We must improve the curriculum, the rigor in our assessments, the quality of teaching and of leadership. We have a broad spectrum of issues.

MBJ: Do you take something from your tenure in Pascagoula that you will implement statewide?

HB: I sought community support and involvement in Pascagoula. I will work to engage the business community and general public in education. We have tremendous possibilities and opportunity to change the face of things.

Mississippi is near the bottom in many areas of education, but we are near the top in the rate that test scores are improving. They’re improving at a rate higher than in most states, and we must continue that upward trend. We can do special things and bring positive attention to the state.

MBJ: You gave reading programs a big boost in Pascagoula. Will you do the same as state superintendent?

HB: Reading will definitely be a focus of mine. I believe in the saying that the first three years in school you learn to read and the rest of your education you read to learn. We must have reading specialists in the state. I am building and looking at what is already in place. I’m looking at test scores and want to fill in the gaps.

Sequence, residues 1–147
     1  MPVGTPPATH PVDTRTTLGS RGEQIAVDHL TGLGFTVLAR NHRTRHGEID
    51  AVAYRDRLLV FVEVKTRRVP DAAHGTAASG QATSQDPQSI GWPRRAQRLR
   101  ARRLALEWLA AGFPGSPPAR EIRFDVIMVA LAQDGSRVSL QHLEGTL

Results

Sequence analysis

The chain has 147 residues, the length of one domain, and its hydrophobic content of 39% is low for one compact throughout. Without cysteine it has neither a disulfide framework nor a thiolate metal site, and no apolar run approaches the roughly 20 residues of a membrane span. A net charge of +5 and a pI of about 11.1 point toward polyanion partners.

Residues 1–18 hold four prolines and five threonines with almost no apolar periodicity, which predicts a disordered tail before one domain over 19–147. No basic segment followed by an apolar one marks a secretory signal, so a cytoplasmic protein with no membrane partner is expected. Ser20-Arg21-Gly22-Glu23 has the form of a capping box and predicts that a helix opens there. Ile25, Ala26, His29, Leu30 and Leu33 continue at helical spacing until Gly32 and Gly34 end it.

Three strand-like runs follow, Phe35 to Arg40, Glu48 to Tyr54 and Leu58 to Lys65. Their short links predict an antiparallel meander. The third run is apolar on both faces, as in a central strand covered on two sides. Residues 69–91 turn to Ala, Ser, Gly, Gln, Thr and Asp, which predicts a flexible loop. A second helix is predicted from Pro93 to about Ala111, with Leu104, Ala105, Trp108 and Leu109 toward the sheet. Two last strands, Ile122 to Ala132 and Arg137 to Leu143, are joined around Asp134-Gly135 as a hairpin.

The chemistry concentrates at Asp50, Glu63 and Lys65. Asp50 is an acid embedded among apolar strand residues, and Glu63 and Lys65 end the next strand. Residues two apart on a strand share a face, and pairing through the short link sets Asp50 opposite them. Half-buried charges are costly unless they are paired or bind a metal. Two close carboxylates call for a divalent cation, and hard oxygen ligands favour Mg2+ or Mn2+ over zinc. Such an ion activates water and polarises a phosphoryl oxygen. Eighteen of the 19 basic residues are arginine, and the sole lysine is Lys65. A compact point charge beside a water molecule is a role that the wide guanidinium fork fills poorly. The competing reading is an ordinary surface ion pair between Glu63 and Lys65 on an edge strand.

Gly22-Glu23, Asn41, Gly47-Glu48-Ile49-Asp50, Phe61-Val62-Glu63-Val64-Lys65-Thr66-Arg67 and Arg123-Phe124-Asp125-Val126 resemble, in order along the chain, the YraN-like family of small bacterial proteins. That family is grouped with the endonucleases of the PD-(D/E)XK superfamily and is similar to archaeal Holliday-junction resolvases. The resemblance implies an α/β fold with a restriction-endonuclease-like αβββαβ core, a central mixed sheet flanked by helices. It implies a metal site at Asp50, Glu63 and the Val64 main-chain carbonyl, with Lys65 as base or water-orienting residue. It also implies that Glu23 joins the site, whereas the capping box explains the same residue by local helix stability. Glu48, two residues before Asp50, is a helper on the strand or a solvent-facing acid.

MBJ: What do you hope to accomplish as state superintendent?

HB: We must ask, what can we do to ensure that students come out of school with everything they need to be successful? Then we have to make sure we can do it.

Contact MBJ contributing Lynn Lofton at mbj@msbusiness.com.


… we’d like to ask for your support. More people are reading the Mississippi Business Journal than ever before, but advertising revenues for all conventional media are falling fast. Unlike many, we do not use a pay wall, because we want to continue providing Mississippi’s most comprehensive business news each and every day. But that takes time, money and hard work. We do it because it is important to us … and equally important to you, if you value the flow of trustworthy news and information which have always kept America strong and free for more than 200 years.

If those who read our content will help fund it, we can continue to bring you the very best in news and information. Please consider joining us as a valued member, or if you prefer, make a one-time contribution.

Click for more info

About Lynn Lofton

Leave a Reply